Will update later today. Just stopping by to link Zach’s [Defendant’s] Reply Memorandum in Support of His Motion to Vacate His Conviction – safe to say he knows his Skilling – and list the points he argues the Government contest and “therefore effectively conceded”
The Government’s Response in Opposition (D.E. 309) has dramatically narrowed the issues in this case. See, U.S. v. Branch, 91 F.3d 699, 752 (5th Cir., 1996)(where Government’s brief “did not contest” a point raised by a Petitioner, it “therefore effectively conceded that point”). Pursuant to 5th Circuit doctrine, the following claims are no longer contested issues:
•That, under Whitfield v. U.S., 590 F.3d 325 (5th Cir., 2009), the Petitioner is innocent of the three counts of federal programs bribery alleged in the Indictment under 18 USC § 666. With these three counts legal nullities, all that can remain are the honest services counts – and after Skilling v. U.S., these require beyond-a-reasonable-doubt proof that Petitioner bribed or conspired to bribe Judge Lackey.
•That, under U.S. v. Skilling, 130 S.Ct. 2896 (2010), the Court had no jurisdiction to accept a guilty plea nor pass sentence on the misprision of felony to which Petitioner pleaded guilty.
•That the Government misled the Court when it assured the Court that it had 404(b) testimony from Joey Langston that “implicated” Petitioner in any attempt to bribe Judge DeLaughter, a representation that it never sought to correct for two and a half years despite countless opportunities to do so.
Rather than apologizing to the Court for recklessly misleading it all this time, the Government now points to an out of context email written by Petitioner that it has never previously mentioned to the Court in support of 404(b), as if the single isolated document shows that Petitioner bears some guilt in the Wilson case, even though the Government’s interpretation is controverted by both of the Government’s own witnesses (Langston and Balducci) and every other witness in this case. That email has taken on new life as the Government’s needs – rather than the facts – dictate its response. Judge David Sanders, then-AUSA, has stated by sworn affidavit: “We discovered an email from Zach Scruggs to Attorney Johnny Jones… After reading it in its entirety, I did not necessarily believe that it incriminated Zach Scruggs. It was not exculpatory by any means, but it was not something that changed our way of thinking.” Exh. D to Motion at 3.1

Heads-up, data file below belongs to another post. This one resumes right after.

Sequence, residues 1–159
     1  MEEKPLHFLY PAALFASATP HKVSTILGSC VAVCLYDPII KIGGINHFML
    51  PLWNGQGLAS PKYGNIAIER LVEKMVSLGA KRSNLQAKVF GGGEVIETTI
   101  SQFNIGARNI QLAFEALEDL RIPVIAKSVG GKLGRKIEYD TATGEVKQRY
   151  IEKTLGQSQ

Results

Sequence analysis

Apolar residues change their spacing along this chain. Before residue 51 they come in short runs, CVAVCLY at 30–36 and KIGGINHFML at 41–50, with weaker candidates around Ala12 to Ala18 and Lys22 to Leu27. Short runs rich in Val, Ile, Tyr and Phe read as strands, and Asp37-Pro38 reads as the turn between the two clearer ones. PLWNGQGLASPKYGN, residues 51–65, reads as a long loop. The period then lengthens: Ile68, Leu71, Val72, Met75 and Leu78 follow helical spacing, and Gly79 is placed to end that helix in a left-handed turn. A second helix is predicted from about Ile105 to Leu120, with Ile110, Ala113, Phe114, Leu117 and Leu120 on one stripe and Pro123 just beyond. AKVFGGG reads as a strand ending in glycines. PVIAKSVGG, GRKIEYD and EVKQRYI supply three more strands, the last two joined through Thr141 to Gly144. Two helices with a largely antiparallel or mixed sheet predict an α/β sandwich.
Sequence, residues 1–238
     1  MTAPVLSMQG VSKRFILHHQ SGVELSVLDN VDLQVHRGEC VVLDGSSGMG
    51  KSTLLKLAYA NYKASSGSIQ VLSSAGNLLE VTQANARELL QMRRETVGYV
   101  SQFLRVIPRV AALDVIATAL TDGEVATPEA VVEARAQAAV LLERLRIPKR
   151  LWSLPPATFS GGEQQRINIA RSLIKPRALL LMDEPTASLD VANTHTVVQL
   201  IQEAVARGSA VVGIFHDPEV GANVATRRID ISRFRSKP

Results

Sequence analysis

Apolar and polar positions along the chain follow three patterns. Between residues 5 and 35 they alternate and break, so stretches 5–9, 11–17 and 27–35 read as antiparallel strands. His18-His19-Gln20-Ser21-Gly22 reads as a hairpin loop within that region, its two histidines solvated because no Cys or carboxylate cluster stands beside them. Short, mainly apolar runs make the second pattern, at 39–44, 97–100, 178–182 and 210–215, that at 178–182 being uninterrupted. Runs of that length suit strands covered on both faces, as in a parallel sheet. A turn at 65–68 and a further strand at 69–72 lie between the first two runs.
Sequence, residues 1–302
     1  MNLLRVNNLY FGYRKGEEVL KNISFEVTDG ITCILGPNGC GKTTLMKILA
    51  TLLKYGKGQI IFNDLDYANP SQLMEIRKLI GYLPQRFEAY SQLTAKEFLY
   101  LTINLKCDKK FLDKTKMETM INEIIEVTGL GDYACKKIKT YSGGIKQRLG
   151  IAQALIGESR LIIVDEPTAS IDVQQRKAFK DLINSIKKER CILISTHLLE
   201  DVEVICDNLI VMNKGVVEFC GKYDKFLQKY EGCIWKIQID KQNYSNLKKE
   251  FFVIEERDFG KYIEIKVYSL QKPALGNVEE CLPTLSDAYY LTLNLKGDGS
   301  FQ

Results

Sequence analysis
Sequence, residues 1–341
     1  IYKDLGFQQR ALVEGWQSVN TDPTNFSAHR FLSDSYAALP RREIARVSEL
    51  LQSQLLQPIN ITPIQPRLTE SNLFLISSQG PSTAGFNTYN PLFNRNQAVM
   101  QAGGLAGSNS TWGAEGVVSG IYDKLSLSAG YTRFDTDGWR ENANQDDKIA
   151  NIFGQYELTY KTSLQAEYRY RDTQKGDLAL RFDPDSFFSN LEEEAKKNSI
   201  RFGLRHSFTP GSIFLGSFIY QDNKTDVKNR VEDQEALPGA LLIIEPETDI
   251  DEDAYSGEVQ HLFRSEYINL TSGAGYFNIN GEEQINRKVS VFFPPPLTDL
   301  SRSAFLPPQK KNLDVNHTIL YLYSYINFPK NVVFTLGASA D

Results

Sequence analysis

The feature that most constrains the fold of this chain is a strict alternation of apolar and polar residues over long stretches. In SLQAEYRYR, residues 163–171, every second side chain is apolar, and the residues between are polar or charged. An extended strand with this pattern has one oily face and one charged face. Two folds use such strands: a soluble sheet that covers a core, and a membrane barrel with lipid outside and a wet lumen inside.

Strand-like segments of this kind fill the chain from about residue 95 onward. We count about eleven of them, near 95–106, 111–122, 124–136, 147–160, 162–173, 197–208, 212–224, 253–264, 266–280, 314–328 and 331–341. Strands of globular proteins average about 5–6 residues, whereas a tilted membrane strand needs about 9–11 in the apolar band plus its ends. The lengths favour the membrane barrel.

Further, despite the Government’s current protestations about the “napkin” email and the Wilson case, when this Court inquired at Petitioner’s Change of Plea Hearing, ”Do you have knowledge that he has information on other cases [i.e. Wilson]?” the Government responded: “We have no knowledge that he has any information on other cases at this time, Your Honor”. Ex. X to Motion at 14.
The Court may decide for itself if the Government’s latest filing is thus yet another misrepresentation by the Government designed to thwart rather than further justice.
•That when Balducci went to talk to Judge Lackey about the case, and then later mentioned an of-counsel position with his firm, Balducci “did not consider the offer a quid pro quo,” and thus did not intend a bribe, and that no conspiracy to bribe existed until the Government created one. Opp., at 2.
•That Petitioner is actually innocent of the first wire fraud count that is based on a supposed May 4, 2007 email that was never found, because that fictitious email predated any bribery request from Judge Lackey and thus could not have been “in furtherance” of a criminal conspiracy to bribe Judge Lackey. Motion, at 20 (citing Schmuck v. United States, 489 U.S. 705, 710-711 (1989)).
•That the November, 2007 email was actually intra-state email, between Oxford and New Albany, Mississippi and Petitioner’s argument “this Court has no jurisdiction over alleged wire fraud consisting of intrastate emails” is legally correct. Motion at 17n6 (citing U.S. v. Moody, 903 F.2d 321,332 (5th Cir., 1990)).
•That when Judge Lackey demanded money to compel arbitration, he was in fact demanding money to grant what he had no discretion to deny under Mississippi law. Motion at 23-26 (citing Barrett v. Jones, Funderburg, Sessums, Peterson & Lee, 27 So.3d 363, 376 (Miss. 2009)). Thus, under U.S. Supreme Court and Fifth Circuit precedent, any payment to Judge Lackey was not a bribe and, under Skilling, not criminal.
Given these concessions, the relief requested by Petitioner must be granted, as will be explained in detail herein.
Click the link, pull the document and keep reading!